Native navigation traditions in Mexico Central Plateau: a study between archaeology and ethnology

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Native navigation traditions in Mexico Central Plateau: a study between archaeology and ethnology


In the Americas, long before the Conquest, existed various native navigation techniques (coastal, lacustrine and fluvial), aboard numerous and diversified wooden boats. Among these, stands one that was made by carving a tree trunk: the dugout canoe. As an evidence of human ingenuity, it acquired its importance by being the bridge between land and water, representing the bond between the human and the aquatic world. Similarly, this means of transportation played a primordial part in the native civilizations as it was involved in daily activities at different levels: transportation (people, goods, raw material), natural resource exploitation (hunting, gathering and fishing), rituals and war. These activities implied the organization of the lacustrine areas, thanks to adapted facilities such as channels, piers, bridges and warehouses. In Mexico’s Central Plateau, in the endoreic basins of Mexico and Pátzcuaro, flourished two of the most powerful contemporaneous and rival empires in all Mesoamerica: the Mexica and the Tarascan (Fig.1). Based on their respective lacustrine surroundings and specific methods, they accomplished the edification of their capitals, Tenochtitlan and Tzintzuntzan, through the use of navigation. Nowadays, some remains of these antique and powerful civilizations naval technology still exists, allowing us, thanks to a multidisciplinary method, to approach a broad vision of their history and transformation.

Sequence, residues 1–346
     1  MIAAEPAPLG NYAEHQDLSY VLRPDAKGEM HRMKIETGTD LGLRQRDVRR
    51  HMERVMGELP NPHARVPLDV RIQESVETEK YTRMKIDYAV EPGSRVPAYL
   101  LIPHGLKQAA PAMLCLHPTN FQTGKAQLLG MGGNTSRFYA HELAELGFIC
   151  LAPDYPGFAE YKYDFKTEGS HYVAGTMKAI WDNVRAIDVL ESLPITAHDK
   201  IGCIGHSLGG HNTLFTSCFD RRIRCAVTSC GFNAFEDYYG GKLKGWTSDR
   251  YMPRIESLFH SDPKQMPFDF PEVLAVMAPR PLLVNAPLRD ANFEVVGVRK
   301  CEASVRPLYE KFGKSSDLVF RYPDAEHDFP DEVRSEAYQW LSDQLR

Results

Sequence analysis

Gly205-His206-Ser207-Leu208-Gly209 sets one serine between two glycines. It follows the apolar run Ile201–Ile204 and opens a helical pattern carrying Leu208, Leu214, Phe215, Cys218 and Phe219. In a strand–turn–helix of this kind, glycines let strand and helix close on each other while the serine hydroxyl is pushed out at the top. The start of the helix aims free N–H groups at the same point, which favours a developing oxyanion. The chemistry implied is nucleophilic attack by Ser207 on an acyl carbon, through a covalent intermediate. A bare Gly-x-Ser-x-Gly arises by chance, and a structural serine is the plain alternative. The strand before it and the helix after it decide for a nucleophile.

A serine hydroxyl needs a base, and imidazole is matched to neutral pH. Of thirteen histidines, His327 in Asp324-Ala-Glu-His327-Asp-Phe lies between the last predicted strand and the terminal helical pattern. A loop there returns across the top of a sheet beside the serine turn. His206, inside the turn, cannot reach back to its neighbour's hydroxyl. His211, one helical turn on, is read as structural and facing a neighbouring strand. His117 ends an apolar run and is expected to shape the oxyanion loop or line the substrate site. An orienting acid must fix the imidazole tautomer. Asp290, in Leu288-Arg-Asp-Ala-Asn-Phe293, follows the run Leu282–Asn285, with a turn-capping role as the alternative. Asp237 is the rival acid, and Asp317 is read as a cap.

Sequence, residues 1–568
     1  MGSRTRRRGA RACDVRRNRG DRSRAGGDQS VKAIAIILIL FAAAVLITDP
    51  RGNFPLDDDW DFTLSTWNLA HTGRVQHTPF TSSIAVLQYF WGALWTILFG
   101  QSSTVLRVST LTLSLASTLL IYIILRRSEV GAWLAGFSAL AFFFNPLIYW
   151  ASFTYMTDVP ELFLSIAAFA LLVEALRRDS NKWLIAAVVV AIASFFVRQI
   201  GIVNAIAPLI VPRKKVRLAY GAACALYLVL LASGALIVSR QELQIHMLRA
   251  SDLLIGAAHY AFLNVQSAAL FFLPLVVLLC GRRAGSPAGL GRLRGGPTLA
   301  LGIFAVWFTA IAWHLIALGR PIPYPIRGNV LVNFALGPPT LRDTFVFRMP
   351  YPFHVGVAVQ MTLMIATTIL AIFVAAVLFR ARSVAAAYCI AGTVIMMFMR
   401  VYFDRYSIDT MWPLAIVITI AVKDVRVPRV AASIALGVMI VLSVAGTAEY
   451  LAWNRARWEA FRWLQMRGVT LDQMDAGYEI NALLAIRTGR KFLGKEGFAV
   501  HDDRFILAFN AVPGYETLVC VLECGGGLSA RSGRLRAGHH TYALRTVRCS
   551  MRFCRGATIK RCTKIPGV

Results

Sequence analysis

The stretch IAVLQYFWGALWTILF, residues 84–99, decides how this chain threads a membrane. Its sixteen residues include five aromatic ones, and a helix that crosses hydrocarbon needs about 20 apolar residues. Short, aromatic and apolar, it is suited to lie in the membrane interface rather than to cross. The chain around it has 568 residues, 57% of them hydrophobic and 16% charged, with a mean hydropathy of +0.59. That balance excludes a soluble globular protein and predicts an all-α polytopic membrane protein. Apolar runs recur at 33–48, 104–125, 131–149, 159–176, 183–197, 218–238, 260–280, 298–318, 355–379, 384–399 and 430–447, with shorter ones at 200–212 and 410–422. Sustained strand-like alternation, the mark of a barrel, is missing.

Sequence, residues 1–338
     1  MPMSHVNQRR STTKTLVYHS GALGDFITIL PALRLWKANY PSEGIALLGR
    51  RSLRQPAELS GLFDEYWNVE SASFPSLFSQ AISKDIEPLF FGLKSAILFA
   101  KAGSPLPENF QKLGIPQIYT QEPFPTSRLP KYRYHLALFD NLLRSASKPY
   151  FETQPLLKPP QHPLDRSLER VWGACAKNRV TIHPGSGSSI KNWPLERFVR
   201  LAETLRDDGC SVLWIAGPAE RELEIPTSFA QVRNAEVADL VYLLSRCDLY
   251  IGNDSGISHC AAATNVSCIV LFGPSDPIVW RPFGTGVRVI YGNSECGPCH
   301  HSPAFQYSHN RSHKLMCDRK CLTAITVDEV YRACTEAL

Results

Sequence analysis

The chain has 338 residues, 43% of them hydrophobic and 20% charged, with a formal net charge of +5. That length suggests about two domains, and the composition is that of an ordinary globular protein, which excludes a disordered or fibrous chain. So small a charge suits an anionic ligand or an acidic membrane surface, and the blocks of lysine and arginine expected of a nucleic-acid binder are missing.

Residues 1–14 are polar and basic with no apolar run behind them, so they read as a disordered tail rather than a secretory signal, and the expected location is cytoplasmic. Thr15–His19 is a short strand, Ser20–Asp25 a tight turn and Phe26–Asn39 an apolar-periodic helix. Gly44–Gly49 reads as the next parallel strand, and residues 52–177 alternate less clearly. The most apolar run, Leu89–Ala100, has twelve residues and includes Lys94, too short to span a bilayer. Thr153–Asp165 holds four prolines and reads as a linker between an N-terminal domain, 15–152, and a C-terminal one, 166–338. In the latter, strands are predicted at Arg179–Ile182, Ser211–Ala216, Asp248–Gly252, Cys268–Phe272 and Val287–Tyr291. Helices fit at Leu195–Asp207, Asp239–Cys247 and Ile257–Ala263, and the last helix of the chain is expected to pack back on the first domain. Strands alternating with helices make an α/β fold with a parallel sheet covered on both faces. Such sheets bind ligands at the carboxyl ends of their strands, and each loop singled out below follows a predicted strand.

Alexandra Biar, in Van Tilburg, H., Tripati, S., Walker Vadillo, V., Fahy, B., and Kimura, J. (eds.)





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